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Media Kit: AT&T Small Business Technology Poll 2012

Fact Sheet Dallas Fact Sheet Washington, D.C. Fact Sheet Atlanta Fact Sheet San Francisco Fact Sheet Miami Fact Sheet San Diego Fact Sheet Boston Fact Sheet Cleveland Fact Sheet Chicago Fact Sheet Indianapolis

AT&T Small Business Technology Poll

Small businesses are increasingly reliant on tablet computers, 4G devices, and GPS navigation mobile apps for their operations, according to the 2012 AT&T Small Business Technology Poll, a national survey of small businesses with two to 99 employees.

Survey Highlights
  • Nearly all small businesses (96%) use wireless technologies in their operations, with almost two-thirds (63%) indicating that they could not survive — or it would be a major challenge to survive — without wireless technologies.
  • More than four in 10 (43%) small businesses report all of their employees use wireless devices or technologies to work away from the office, a nearly 80% jump over the past three years.
  • Despite being a relatively new technology device, two-thirds (67%) of small businesses indicate that they use tablet computers, up from 57% a year ago.
  • 85% of small businesses reported using smartphones for their operations, up from 80% last year and more than double the usage five years ago (42%).
  • One third of smartphones used by small businesses for business purposes, operate at 4G speeds; and nearly nine in 10 (86%) of the businesses operating with 4G smartphones are satisfied with the speed.
Local Survey Results

While nearly all small businesses use wireless technologies small businesses in various locations across the country have deviating opinions on the adoption and importance of mobility and wireless technology. Based on responses to these factors – perceived importance of wireless, use of wireless technology, use of mobile apps, and percentage of employees using wireless to work away from the office– a Wireless Quotient, or "WiQ," was calculated for each of 12 markets surveyed. Each component was weighted in the rankings. For example, use of wireless technology was viewed as more important than the perceived importance of that technology.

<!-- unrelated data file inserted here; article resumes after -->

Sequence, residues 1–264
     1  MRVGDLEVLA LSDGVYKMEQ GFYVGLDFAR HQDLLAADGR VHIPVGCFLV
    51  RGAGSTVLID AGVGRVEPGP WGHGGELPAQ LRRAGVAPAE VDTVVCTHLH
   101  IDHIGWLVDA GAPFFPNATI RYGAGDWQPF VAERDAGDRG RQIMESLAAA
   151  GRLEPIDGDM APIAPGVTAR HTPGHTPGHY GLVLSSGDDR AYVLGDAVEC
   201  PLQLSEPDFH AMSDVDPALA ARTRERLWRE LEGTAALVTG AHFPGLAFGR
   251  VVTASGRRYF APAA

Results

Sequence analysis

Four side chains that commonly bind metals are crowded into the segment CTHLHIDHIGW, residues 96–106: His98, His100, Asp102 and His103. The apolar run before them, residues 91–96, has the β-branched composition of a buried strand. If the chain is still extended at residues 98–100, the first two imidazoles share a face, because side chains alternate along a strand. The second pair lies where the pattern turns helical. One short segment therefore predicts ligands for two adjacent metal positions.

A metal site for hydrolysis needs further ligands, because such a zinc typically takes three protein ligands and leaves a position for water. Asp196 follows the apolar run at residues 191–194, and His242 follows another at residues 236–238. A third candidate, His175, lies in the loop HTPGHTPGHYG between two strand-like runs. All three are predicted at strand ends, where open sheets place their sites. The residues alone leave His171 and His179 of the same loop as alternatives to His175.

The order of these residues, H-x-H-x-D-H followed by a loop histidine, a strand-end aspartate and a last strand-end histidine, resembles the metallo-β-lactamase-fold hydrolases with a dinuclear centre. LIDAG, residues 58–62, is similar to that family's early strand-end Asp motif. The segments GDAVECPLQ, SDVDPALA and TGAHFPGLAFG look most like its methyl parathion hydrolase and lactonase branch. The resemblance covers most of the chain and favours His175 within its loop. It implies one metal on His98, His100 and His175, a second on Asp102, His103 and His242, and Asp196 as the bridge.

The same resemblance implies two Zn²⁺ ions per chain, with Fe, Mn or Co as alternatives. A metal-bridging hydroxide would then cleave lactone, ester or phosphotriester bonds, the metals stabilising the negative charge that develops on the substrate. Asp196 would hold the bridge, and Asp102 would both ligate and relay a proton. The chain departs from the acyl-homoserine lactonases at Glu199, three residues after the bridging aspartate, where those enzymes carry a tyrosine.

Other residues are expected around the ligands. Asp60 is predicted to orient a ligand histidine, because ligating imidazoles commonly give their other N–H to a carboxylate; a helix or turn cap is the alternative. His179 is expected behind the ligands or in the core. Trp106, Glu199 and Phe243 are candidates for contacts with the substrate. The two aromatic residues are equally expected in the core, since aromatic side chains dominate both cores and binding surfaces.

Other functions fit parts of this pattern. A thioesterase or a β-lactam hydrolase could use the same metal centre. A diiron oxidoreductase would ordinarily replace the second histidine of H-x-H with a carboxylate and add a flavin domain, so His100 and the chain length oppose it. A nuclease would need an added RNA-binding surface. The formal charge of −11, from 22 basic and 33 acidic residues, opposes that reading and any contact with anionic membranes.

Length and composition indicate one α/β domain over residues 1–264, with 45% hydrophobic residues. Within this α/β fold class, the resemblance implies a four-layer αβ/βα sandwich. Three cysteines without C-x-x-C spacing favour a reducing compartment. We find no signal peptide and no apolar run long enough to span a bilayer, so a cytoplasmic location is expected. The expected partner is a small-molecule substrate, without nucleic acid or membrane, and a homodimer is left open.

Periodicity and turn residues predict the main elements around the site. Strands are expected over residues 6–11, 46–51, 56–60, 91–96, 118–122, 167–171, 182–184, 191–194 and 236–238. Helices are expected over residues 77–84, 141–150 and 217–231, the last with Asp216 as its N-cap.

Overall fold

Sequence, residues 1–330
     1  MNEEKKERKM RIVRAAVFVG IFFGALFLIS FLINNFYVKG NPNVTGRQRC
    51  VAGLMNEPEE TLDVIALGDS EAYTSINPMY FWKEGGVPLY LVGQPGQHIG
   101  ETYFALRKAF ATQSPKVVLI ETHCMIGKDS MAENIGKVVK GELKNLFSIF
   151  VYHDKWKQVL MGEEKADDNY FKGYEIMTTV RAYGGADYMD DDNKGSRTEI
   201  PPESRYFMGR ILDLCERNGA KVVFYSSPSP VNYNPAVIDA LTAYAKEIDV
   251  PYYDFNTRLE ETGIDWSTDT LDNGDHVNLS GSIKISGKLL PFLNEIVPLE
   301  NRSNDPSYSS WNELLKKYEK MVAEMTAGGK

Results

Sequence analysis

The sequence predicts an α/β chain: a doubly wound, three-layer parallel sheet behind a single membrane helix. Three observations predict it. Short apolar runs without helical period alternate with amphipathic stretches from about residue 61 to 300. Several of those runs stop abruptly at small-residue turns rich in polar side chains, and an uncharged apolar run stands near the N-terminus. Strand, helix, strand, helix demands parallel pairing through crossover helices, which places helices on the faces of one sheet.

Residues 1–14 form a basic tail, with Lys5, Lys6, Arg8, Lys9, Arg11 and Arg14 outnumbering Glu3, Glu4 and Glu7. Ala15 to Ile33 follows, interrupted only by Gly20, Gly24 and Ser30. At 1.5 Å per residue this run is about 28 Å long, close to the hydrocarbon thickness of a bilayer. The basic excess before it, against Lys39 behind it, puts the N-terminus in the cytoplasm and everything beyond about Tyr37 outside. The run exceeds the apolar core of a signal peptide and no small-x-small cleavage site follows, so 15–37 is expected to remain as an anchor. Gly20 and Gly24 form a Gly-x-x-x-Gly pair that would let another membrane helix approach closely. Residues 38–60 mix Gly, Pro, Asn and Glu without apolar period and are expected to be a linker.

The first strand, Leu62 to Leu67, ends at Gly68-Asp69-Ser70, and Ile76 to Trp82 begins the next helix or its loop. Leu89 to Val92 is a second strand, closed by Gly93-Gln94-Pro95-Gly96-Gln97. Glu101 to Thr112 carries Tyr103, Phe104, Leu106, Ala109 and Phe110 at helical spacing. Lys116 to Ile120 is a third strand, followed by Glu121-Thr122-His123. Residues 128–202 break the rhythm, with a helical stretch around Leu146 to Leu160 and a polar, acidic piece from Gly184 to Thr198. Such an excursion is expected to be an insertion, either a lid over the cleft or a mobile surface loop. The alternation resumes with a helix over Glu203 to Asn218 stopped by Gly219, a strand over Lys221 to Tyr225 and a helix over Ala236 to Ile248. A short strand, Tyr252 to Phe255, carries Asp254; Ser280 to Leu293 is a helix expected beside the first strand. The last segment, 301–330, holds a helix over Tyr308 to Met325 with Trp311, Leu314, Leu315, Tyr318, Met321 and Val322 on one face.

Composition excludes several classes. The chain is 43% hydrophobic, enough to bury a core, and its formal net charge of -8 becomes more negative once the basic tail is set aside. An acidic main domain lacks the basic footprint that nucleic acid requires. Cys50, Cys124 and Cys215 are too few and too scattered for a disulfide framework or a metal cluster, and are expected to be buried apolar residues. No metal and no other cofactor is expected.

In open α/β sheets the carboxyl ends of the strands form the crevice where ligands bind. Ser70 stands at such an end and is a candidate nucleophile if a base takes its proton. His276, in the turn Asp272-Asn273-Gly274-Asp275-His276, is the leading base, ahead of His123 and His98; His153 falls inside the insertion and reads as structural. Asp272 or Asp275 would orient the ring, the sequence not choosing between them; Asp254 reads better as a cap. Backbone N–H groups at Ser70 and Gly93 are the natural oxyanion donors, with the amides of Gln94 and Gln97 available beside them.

1. Dallas
  2. Washington, D.C.
  3. Atlanta
  4. Indianapolis
  5. San Francisco
  6. Miami
  7. San Diego
  8. Chicago
  9. Boston
  10. Oklahoma
  11. Kansas City
  12. Cleveland
Survey Materials

Study Methodology – The results of the “AT&T Small Business Technology Poll” are based on an online survey, conducted in November 2011, of 2,513 small business owners and/or employees responsible for Information Technology (IT). Specifically, 1,232 surveys were completed by small businesses located throughout the United States (National data) and 1,281 surveys were completed by small businesses located in 12 markets – about 100 in each market (Market data). The sample of participating small businesses, having between 2 and 99 employees, was drawn from e-Rewards’ online business panel of companies.  Eleven of the 12 metropolitan areas are based on DMAs (Designated Market Areas). The other market is the state of Oklahoma.

Previous Study Results

In the 2011 edition of the AT&T Small Business Technology Poll:

  • Almost all small businesses (96%) use wireless technologies in their operations
  • Nearly two-thirds (64%) of small businesses surveyed said they could not survive – or it would be a major challenge to survive – without wireless technology
    • Three years ago, 42% of small businesses surveyed said they would have difficulty surviving without wireless technologies
  • More than 70% of small businesses are turning to mobile apps to save time, increase productivity, and reduce costs.
    • GPS/Navigation and mapping mobile apps are most popular, with nearly half (49%) reporting they use them for their small business
    • Over 40% of small businesses surveyed have a Facebook page for their business, representing a 52% jump from last year
Background and Highlights
Infographics

 

Regional WiQs

While nearly all small businesses use wireless technologies small businesses in various locations across the country have deviating opinions on the adoption and importance of mobility and wireless technology. Based on responses to these factors – perceived importance of wireless, use of wireless technology, use of mobile apps, and percentage of employees using wireless to work away from the office– a Wireless Quotient, or "WiQ," was calculated for each of 12 markets surveyed. Each component was weighted in the rankings. For example, use of wireless technology was viewed as more important than the perceived importance of that technology.

  1. Miami
  2. Atlanta
  3. San Diego
  4. Dallas
  5. San Francisco
  6. Oklahoma
  7. Washington, D.C.
  8. Chicago
  9. Indianapolis
  10. Kansas City
  11. Boston
  12. Cleveland
Previous Small Business Survey Results

2007 Small Business Survey News Release
2010 Small Business Survey News Release
2011 Small Business Survey News Release